• We'll note that his 2012 LD% was a touch high (22.7%... league average was 20.9% that year), so we should expect that this could have helped lead to a higher than average BABIP (.311... check!).  His 2013 LD% was likely an outlier based on everything else we've seen from Strasburg in his career, but his LD% was 3.7% lower than the league average, which likely helped keep his BABIP extremely low (.263... check!).  In 2014, his LD% has been a career worst 24.0%, which is 3.4% higher than the league average.  We're seeing the results in his .341 BABIP (again, check!).
  • Save for the 2013 season, his GB% has been roughly league average (45%).  This should lead us to believe that his GB% isn't necessarily the problem.  It was instrumental in the 2013 season that appears to be an outlier, but his GB% has been neutral in 2012 & 2014.
  • His FB% is actually a touch low, which would likely hurt his BABIP a touch as well (again, this is the most likely BIP to become an out).  The kicker for this season, though, is that more of those fly balls are going over the fence.  While those home runs don't raise his BABIP, the combination of a low fly ball rate and a high HR/FB rate means that fewer of those fly balls he's allowing are turning into outs.

HR/FB Percentage

Strasburg has owned a slightly high HR/FB rate for the past few seasons, but it's typically been less than 1% above the league average (~10.5%). This season, his HR/FB rate is at 14.1%. This may be a bit inflated after the ridiculous 80% HR/FB rate in Friday's start at Atlanta, but it's still one of the things that may be skewing a surface stat like ERA farther above what his FIP and (in this case) xFIP would suggest we should expect of him moving forward.  Strasburg's 14.1% HR/FB rate is the seventh highest in the majors this year.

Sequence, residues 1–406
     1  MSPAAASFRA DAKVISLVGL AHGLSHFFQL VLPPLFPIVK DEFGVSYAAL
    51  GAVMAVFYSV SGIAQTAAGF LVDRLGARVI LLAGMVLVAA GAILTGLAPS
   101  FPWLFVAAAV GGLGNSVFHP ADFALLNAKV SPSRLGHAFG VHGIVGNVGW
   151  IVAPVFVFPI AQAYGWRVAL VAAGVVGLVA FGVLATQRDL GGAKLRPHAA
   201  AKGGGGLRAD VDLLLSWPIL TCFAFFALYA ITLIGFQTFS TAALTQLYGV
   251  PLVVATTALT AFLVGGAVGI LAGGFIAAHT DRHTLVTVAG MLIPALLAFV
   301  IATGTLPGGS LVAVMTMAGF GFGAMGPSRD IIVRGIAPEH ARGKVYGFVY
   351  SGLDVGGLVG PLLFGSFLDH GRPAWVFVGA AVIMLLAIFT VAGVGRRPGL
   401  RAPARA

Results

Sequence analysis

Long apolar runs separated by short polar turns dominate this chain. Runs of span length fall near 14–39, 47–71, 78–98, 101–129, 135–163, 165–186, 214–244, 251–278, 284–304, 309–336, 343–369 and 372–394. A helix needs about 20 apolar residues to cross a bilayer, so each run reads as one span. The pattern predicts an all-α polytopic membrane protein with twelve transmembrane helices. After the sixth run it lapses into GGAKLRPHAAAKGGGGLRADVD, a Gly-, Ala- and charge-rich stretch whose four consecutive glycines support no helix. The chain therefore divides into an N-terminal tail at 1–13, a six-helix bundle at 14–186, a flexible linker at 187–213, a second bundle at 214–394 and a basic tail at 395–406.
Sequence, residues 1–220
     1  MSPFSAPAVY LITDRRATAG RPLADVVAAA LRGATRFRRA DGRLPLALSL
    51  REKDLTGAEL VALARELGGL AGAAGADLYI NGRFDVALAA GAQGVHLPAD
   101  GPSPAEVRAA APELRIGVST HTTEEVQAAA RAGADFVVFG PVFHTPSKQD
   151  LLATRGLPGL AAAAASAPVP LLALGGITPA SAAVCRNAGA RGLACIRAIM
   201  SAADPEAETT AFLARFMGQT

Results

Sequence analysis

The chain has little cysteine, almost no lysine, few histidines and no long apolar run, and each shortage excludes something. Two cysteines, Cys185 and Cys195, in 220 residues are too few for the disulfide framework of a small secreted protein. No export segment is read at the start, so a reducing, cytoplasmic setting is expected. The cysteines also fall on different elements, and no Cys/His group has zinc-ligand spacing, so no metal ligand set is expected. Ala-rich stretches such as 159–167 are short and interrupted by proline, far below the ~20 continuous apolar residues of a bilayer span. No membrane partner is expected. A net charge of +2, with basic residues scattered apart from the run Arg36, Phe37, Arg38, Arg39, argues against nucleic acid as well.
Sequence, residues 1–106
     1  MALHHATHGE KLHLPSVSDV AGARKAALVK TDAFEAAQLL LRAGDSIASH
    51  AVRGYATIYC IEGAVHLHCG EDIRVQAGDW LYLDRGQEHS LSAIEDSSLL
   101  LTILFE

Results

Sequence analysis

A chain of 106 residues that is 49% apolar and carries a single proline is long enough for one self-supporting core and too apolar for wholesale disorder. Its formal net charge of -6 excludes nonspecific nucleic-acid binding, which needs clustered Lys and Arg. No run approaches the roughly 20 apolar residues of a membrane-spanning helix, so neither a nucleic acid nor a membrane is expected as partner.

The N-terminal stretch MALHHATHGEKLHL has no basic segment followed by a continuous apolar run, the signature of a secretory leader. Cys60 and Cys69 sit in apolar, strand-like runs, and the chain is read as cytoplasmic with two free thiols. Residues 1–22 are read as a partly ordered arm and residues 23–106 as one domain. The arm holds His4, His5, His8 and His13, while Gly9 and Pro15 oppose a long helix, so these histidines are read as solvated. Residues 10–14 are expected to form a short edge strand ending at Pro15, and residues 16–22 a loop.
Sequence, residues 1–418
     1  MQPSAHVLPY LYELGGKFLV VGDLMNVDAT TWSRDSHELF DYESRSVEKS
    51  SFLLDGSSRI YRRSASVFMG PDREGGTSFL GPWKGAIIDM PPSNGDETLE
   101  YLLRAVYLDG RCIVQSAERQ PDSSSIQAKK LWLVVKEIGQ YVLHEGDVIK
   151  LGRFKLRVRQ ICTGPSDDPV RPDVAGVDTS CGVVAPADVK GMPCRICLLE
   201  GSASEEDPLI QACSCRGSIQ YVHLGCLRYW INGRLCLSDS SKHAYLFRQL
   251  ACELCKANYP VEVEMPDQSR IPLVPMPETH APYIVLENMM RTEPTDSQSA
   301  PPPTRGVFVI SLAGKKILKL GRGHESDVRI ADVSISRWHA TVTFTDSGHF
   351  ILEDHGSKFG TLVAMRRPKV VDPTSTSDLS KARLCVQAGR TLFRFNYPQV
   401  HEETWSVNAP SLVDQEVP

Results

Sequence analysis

Apart from luck, what could be causing his problems with BABIP and HR/FB rate? Let's look at the simple answer.

Fastball Velocity/Effectiveness

While simple poor luck has to account for some of the BABIP (and maybe even a small portion of the HR/FB rate), there is another factor we have to consider. Strasburg's average fastball velocity has declined a bit in each season of his career so far.  This isn't really all that unusual, and he's still one of the hardest throwers in the league. In fact, I was watching the Royals-A's game last night (Yordano Ventura was pitching for Kansas City). The A's broadcast showed a graphic of the pitchers with the top average velocity in MLB this season.  Strasburg was sixth.

In 2014, he's averaged 94.5 MPH (down from 95.2 MPH last season). While Pitch Values indicate that the gradual decline in velocity hadn't really affected his fastball's effectiveness much in the past few seasons, that effectiveness has completely fallen off of a cliff in 2014. Here's another visual showing the performance in terms of Runs Above Average with Strasburg's three primary pitch types:

Season wFB wCB wCH
2010 5.3 2.6 3.6
2011 5.8 1.7 2.2
2012 4.6 9 3.4
2013 6.4 13.2 8.7
2014 -11.1 3.5 10.2
Total 11 30.2 28.1

I've left the curveball and changeup in this table so that we can see just how effective that changeup has become. It's devastating, and has gradually become his best pitch. He's still using his curveball effectively, but not as effectively as he had in the past two years. The fastball, however, has gone from a pitch that has always been worth a handful of Runs Above Average to a pitch that has been one of the worst in the majors in 2014. In fact, among 89 qualifiers for the ERA title, Strasburg's fastball ranks 83rd in Runs Above Average.

Strasburg has thrown the fastball less often this season (59.1%) than he has in the past (61.7% career), but he still throws it well over half the time. Most major league pitchers do. If opponents keep squaring it up, that's likely to lead to continued struggles.

As for movement, all of the Pitchf/x data that I can find seems to indicate that he's gained a little more movement on his fastball (we might anticipate more movement to compensate for the drop in velocity), but it hasn't been all that significant. He's had slightly more average vertical movement (8.97 vs. 8.84 from 2012-2013) and horizontal movement (5.96 vs. 5.32 from 2012-2013) in 2014.

This doesn't really explain a lot (even to me as I write it), but it does leave me wondering just how the pitch has gone from 6.4 Runs Above Average (23rd in MLB) in 2013 to -11.1 Runs Above Average (or 11.1 Runs Below Average, if you prefer) and 83rd best among 89 qualifiers with a 0.7 MPH drop in velocity.

Plate Discipline Against

Season O-Swing% Z-Swing% Swing% O-Contact% Z-Contact% Contact% Zone% F-Strike% SwStr%
2010 36.9% 60.2% 47.1% 57.2% 85.0% 72.8% 43.8% 60.2% 12.5%
2011 33.6% 67.7% 51.0% 63.5% 85.3% 78.3% 51.0% 71.6% 11.0%
2012 29.5% 62.2% 44.3% 55.9% 84.9% 74.3% 45.3% 62.3% 11.2%